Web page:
Prohibition was a hell of a time—though the tendency is to romanticize, focusing on the glamorous splendor of the bars in London and Paris, on the underground world of speakeasies, or of zipping off to Havana for an evening of cocktails, the hard fact of it is pretty depressing. I know my great-grandparents were certainly not in a financial situation that allowed them to enjoy the fruits of Cuban rum production in situ, though they definitely were in a position to be familiar with this cocktail’s namesake.
Mary Pickford was the star of silent films, one of the first female media celebrities and an early power player in the Hollywood machine. Though her place in cinema history is well documented, she’s one of the few early film stars whose legacy you can still see around town. She and her second husband, Douglas Fairbanks, were two of the primary investors in the Hollywood Roosevelt Hotel, which opened in 1927. It has been a Hollywood Boulevard landmark since it opened, which is also the year it hosted the first Academy Awards ceremony. Nearly a century’s worth of stars have stayed in the hotel, resulting in another of its claims to fame: the Roosevelt is consistently named one of the most haunted sites in Los Angeles. (Purportedly, Marilyn Monroe and Montgomery Clift haunt different parts of the hotel.) The hotel was renovated in 2005 and is once again a happening spot—the interior of the Roosevelt is absolutely gorgeous—and it now holds a number of bars, among them the cocktailian favorite Library Bar.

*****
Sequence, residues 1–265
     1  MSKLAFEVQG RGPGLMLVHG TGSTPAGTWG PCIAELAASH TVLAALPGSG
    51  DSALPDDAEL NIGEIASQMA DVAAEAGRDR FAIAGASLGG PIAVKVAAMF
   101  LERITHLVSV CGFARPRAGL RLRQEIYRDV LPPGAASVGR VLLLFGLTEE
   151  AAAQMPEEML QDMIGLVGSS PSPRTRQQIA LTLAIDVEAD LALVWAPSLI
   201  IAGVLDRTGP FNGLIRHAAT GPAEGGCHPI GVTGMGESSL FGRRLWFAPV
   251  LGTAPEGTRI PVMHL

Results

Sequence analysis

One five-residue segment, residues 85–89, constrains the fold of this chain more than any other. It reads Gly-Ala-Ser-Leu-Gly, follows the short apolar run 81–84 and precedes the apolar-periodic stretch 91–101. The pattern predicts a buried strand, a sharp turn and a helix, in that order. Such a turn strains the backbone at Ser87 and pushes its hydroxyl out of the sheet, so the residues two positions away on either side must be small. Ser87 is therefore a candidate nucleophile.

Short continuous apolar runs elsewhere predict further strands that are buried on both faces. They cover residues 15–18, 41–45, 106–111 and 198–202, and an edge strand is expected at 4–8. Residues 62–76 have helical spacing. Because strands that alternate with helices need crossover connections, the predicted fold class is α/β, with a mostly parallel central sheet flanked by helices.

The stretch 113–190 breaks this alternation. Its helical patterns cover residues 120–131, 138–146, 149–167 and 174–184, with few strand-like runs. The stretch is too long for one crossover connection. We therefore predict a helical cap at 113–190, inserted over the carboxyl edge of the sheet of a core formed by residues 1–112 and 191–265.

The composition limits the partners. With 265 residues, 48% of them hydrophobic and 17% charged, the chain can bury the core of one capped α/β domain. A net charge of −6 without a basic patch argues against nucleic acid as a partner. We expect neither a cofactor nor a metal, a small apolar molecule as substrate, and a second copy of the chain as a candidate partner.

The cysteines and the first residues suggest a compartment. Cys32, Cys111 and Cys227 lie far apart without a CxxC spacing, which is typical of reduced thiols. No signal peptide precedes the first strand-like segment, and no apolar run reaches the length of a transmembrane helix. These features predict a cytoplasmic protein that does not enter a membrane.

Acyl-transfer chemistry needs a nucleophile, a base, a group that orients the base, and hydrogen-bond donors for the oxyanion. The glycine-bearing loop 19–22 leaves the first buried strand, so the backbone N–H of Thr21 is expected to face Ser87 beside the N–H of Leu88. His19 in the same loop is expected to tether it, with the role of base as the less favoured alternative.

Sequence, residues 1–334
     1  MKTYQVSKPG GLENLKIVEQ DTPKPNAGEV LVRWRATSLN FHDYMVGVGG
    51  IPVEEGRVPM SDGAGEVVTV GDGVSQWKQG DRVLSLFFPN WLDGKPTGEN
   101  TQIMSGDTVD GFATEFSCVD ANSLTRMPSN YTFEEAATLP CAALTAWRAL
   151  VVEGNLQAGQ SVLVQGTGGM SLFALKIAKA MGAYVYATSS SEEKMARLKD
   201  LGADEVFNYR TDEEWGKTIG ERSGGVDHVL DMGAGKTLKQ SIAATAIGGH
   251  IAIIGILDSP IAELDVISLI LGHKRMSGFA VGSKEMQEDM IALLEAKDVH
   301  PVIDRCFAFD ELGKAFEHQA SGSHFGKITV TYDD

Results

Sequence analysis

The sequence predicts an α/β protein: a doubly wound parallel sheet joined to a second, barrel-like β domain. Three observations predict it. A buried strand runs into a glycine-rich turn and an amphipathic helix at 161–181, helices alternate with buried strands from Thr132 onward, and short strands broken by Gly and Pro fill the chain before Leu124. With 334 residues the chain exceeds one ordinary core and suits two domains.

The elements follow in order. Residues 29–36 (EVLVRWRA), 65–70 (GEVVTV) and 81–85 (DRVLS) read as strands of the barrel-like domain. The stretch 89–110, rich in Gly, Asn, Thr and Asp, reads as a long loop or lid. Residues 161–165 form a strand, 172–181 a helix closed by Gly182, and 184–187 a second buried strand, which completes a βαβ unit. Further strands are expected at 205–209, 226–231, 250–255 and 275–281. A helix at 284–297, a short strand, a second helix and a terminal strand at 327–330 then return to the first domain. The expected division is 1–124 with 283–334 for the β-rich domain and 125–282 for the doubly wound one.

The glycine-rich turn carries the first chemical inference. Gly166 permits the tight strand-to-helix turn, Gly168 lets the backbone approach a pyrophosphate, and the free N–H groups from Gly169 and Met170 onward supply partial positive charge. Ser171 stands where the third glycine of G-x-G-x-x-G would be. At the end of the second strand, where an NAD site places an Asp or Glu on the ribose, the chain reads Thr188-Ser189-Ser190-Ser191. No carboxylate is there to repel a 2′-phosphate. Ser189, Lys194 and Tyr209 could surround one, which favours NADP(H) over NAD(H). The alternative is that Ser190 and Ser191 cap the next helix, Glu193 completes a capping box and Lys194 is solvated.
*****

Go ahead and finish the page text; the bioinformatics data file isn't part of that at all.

The cocktail named for Mary Pickford is variously attributed to a few different people, but the most likely creator is Eddie Woelke, who moved to Cuba during Prohibition and helmed the famed Jockey Bar in Havana. Though the Mary Pickford is not unknown, Woelke is better known as the creator of the El Presidente, a similarly rum-based tipple that has been enjoying a resurgence in popularity. The Mary Pickford is particularly interesting, as its composition is sort of proto-tiki, foreshadowing the tropical concoctions that would become all the rage in Hollywood (and elsewhere) after Prohibition.
2 oz gold rum (Cuban-style, if you have it)
1 oz fresh pineapple juice
dash maraschino liqueur
Add all ingredients to a shaker filled with ice. Shake well, strain into a chilled cocktail glass and serve.
I’m all for making your own fresh juices for cocktails, but sometimes it’s just too much of a pain. Pineapples, being a tropical fruit not grown much domestically, can be a fairly pricey item to buy just for juice. I don’t think there’s anything wrong with using good ol’ canned Dole pineapple juice, or any pineapple juice you can find in a store. The drink will still be delicious, though perhaps not as delicious as the fresh-juice version. The Mary Pickford is a tasty, fun, kicky little number, taking the rum-pineapple combination in an unexpected direction with the addition of maraschino. The grenadine adds just a touch of color and sweetness to the savory vanilla-almond notes of the drink, though using homemade grenadine (as I do) won’t give you the same intense red as a store-bought version—but it also won’t fill your drink with corn syrup and artificial coloring. Overall this is a really lovely Prohibition-era drink that evokes those long-ago nights on the coast of Cuba; you can almost feel the ocean breeze and see lights twinkling on the water while you’re sipping it.